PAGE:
Pimans: A Bountiful Life in a Harsh Environment
|Event Start Date||Tuesday, June 1, 2010 – Friday, March 25, 2011|
The May Gallery, Serra Hall, Room 214A
Piman Indians of the American Southwest were once a prosperous group of hunters, fishers, gatherers, and desert agriculturalists. Environmental changes set in motion by European contact caused the collapse of their cultural ecosystem. Today Pimans have the highest recorded diabetes rate of any ethnic group, though other groups in the world are gaining ground.
The exhibit features four major dietary resources of Piman culture: two wile (mesquite and saguaro) and two cultivated (tepary beans and wheat). It is curated by ethno biologist Amadeo M. Rea, who has worked with Desert Pimans for over 45 years.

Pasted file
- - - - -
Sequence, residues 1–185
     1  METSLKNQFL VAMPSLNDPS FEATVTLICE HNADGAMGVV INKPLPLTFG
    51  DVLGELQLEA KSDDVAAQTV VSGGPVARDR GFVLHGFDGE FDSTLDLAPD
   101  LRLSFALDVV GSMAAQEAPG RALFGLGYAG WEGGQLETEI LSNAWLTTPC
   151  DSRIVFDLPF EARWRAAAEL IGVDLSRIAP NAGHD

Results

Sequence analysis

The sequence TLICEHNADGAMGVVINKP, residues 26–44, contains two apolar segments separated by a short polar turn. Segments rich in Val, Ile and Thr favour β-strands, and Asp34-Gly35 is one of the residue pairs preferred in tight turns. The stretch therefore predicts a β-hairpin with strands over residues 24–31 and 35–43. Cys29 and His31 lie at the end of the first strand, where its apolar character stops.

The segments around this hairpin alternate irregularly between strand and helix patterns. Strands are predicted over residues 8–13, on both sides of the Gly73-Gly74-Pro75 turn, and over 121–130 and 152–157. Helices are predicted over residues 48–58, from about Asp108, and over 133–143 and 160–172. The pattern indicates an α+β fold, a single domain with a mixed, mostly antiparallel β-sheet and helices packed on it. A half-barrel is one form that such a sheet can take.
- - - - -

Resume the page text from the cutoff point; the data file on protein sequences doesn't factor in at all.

The May Gallery is open Tuesdays, Thursdays and Fridays, from 1 p.m. to 3 p.m. and by appointment. For more information, please call (619) 260-4238 or visit the Department of Anthropology's May Collection and Gallery.
|Contact||College Of Arts And Sciences | firstname.lastname@example.org | (619) 260-4545|